In this July 12, 2013, file photo, employees at the Volkswagen plant in Chattanooga, Tenn., work on the assembly of a Passat sedan.

Lawyers for Volkswagen and the United Auto Workers sparred Tuesday over whether a proposed election to organize a small group of maintenance workers at the carmaker's Chattanooga plant will move ahead.

A decision by the National Labor Relations Board over the disputed election isn't expected for at least three to five days as testimony at a hearing in Chattanooga continues today.

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The UAW logo is displayed on the podium at a news conference in July.

Attorneys for VW argued before an NLRB hearing officer that the 164 maintenance employees, who fix the assembly plant's complex equipment, are part of factory production and shouldn't be carved out as a separate unit for union election purposes.

"They're embedded in production," said VW lawyer Arthur Carter during a daylong hearing at the federal building. "A better term is manufacturing employees."

But Michael Schoenfeld, an attorney for the UAW, cited NLRB law and held that the maintenance workers are "an appropriate unit." He said the workers have job titles, wages and experience that are unique to maintenance.

"It clearly will be shown that maintenance can be readily identified as a group," Schoenfeld said. "It's a distinct group."

The dispute arose Monday when VW said that it favors a full vote by all maintenance and production employees at the plant, which would push the number of potential voters to more than 1,400.

But, the UAW in February 2014 lost a vote of blue-collar workers at the plant by a margin of 712 to 626. Last month, the UAW asked the NLRB to approve another election so it could represent the maintenance, or skilled trades, employees for collective bargaining purposes.

On Tuesday, attorneys peppered VW employees with questions.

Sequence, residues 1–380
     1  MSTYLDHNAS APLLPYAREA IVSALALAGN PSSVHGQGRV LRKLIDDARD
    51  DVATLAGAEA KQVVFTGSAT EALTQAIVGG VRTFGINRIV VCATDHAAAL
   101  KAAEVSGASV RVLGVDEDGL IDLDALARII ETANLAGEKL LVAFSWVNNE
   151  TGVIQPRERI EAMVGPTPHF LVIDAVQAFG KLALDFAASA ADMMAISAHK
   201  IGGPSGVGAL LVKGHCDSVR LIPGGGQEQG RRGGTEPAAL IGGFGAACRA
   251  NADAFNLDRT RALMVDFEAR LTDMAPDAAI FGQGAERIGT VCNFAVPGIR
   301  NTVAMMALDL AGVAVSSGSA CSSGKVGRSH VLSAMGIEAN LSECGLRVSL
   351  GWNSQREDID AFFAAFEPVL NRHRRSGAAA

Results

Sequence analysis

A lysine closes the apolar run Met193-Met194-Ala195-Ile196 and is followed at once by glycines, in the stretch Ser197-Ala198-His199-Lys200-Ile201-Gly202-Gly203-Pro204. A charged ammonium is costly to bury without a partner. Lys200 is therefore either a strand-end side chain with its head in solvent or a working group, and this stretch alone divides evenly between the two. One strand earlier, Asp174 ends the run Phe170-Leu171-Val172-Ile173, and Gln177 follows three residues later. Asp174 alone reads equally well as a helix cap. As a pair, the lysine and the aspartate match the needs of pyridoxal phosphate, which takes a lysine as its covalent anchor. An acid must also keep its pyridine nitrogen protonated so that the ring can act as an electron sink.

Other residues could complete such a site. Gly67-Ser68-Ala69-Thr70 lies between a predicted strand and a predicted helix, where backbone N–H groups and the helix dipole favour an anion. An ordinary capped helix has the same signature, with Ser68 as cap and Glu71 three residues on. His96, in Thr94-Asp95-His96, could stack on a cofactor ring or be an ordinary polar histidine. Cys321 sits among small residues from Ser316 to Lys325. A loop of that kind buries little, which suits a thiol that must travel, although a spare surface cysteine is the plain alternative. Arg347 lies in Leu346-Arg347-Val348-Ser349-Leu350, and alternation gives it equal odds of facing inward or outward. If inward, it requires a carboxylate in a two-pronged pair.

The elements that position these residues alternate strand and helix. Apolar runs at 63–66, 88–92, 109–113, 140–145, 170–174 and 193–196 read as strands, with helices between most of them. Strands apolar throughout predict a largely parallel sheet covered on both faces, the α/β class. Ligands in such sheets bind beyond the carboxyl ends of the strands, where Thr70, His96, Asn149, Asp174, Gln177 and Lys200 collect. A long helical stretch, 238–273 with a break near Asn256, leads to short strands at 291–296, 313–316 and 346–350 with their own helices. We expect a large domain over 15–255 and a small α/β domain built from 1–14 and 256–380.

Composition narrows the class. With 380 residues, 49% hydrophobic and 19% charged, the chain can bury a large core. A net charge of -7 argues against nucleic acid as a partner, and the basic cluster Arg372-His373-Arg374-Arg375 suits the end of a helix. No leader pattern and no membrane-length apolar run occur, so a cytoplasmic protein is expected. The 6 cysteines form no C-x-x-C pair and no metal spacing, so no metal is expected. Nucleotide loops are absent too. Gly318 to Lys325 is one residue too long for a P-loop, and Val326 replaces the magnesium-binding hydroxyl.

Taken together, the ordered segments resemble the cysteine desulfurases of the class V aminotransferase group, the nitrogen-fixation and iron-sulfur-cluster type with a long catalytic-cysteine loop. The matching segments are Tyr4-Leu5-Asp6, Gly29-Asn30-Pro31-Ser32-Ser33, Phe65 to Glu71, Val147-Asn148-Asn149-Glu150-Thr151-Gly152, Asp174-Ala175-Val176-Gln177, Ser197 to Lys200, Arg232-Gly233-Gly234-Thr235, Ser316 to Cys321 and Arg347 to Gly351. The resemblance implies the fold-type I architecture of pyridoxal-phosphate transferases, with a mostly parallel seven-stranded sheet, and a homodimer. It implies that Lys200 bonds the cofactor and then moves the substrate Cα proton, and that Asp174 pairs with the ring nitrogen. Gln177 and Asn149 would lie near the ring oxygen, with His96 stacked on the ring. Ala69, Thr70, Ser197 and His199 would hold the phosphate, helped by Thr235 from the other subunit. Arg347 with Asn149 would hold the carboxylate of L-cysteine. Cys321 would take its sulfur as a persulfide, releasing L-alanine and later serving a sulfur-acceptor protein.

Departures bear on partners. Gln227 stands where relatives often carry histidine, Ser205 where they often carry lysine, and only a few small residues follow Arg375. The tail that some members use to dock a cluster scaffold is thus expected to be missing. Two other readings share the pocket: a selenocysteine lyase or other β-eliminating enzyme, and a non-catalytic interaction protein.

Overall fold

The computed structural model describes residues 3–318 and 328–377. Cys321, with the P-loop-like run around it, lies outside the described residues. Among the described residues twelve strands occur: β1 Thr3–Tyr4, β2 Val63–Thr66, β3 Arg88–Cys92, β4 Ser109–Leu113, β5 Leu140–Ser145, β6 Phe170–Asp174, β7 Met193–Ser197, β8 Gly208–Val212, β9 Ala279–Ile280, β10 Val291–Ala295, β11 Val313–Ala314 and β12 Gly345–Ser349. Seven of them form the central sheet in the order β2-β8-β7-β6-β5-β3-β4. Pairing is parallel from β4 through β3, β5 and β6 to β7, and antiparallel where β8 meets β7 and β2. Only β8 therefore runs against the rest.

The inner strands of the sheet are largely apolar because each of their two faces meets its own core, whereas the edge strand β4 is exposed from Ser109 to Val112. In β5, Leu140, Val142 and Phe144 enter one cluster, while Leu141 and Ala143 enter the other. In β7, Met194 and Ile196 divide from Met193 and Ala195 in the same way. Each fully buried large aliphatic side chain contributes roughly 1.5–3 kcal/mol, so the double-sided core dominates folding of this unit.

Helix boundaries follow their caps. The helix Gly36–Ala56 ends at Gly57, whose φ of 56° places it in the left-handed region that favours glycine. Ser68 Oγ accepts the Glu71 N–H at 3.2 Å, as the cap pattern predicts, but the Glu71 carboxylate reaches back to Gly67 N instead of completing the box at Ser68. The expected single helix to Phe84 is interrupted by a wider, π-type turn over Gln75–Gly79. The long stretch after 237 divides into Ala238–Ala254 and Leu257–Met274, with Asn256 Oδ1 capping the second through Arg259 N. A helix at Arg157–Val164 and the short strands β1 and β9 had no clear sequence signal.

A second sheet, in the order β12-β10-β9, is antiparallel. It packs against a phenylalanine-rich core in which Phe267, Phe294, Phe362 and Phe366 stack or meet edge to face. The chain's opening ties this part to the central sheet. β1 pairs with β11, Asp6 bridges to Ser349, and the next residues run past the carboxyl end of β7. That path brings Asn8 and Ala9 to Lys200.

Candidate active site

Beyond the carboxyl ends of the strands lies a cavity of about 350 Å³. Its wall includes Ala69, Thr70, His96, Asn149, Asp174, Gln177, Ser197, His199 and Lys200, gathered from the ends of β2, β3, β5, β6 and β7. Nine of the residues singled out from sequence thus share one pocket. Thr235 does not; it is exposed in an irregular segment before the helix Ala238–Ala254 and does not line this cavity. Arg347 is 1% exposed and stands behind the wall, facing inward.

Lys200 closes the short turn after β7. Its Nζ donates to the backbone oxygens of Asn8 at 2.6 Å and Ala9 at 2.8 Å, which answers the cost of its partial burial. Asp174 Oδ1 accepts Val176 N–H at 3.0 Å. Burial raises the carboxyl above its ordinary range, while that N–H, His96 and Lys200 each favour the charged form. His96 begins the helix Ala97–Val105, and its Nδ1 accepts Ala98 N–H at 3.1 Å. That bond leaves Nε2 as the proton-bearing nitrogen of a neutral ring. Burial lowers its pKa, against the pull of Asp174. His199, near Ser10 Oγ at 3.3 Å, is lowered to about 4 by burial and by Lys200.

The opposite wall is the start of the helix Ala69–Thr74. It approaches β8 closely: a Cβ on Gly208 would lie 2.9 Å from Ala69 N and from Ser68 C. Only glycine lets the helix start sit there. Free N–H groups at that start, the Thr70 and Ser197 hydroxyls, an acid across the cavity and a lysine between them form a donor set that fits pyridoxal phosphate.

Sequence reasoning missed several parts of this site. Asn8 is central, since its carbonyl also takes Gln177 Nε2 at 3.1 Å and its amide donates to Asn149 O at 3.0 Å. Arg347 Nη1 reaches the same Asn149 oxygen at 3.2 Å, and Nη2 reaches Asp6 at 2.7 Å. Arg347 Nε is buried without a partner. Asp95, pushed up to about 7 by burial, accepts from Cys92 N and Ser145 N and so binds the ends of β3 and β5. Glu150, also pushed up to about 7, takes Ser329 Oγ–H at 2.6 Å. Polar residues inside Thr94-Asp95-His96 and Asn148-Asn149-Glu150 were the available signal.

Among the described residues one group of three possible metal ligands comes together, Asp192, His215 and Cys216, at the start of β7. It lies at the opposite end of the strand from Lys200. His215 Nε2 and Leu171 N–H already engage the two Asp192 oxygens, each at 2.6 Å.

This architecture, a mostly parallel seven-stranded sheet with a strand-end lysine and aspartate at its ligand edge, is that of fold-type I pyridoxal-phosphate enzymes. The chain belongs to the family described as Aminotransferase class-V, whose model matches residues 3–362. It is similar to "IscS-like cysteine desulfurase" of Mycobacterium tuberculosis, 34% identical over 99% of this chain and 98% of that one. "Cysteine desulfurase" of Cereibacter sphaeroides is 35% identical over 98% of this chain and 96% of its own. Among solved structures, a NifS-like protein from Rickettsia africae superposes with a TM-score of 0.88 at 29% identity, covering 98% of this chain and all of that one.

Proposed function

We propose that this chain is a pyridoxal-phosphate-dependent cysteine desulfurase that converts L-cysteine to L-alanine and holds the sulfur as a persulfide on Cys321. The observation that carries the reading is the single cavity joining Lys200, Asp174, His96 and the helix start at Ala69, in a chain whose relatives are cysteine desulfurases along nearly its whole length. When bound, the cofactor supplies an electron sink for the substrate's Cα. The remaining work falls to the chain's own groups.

Ryan Rose, the VW plant's general manager of human resources, said there's no separate maintenance shop in the massive assembly plant.

"Generally, we refer to all employees as team members," he said, testifying that VW has a team member guidebook.

Rose said its bonus plan applies to production and maintenance employees.

But he said maintenance supervisors don't provide evaluations of production employees.

Chad Butts, general manager of the plant's assembly area, said production and maintenance employees work "this close" as he clasped fingers of both hands together.

He said there are common areas where production and maintenance workers can be found, such as in the plant cafe and gym.

But, Butts said, the two groups of employees don't typically take lunch together, as maintenance employees are fixing equipment when other workers are eating.

Still, he said, there is "great concern" how the two groups of employees will be able to work together if one group is unionized and the other isn't.

Stephen Cochran, a maintenance employee, said skilled trades workers such as himself train together, wear the same clothes and take breaks together.

He said he has never done production work on the job.

"I've never seen a production worker fill in for a maintenance worker," he said.

The head of VW's Chattanooga plant said last month in a letter to employees that the UAW's timing for a new election at the factory is "unfortunate" though the company will remain "neutral."

The letter from VW plant CEO Christian Koch and Executive Vice President of Human Resources Sebastian Patta cited the "challenges we are facing as a plant, Brand, and Group." VW was rocked about a month ago by the emissions-rigging scandal that has forced Volkswagen to suspend deliveries of any diesel engine Passats made in Chattanooga.

Schoenfeld, the UAW's attorney, sought to have the letter entered into the record but was denied on Tuesday.

"They made no mention that the unit was inappropriate," he said.

Contact staff writer Mike Pare at or 423-757-6318.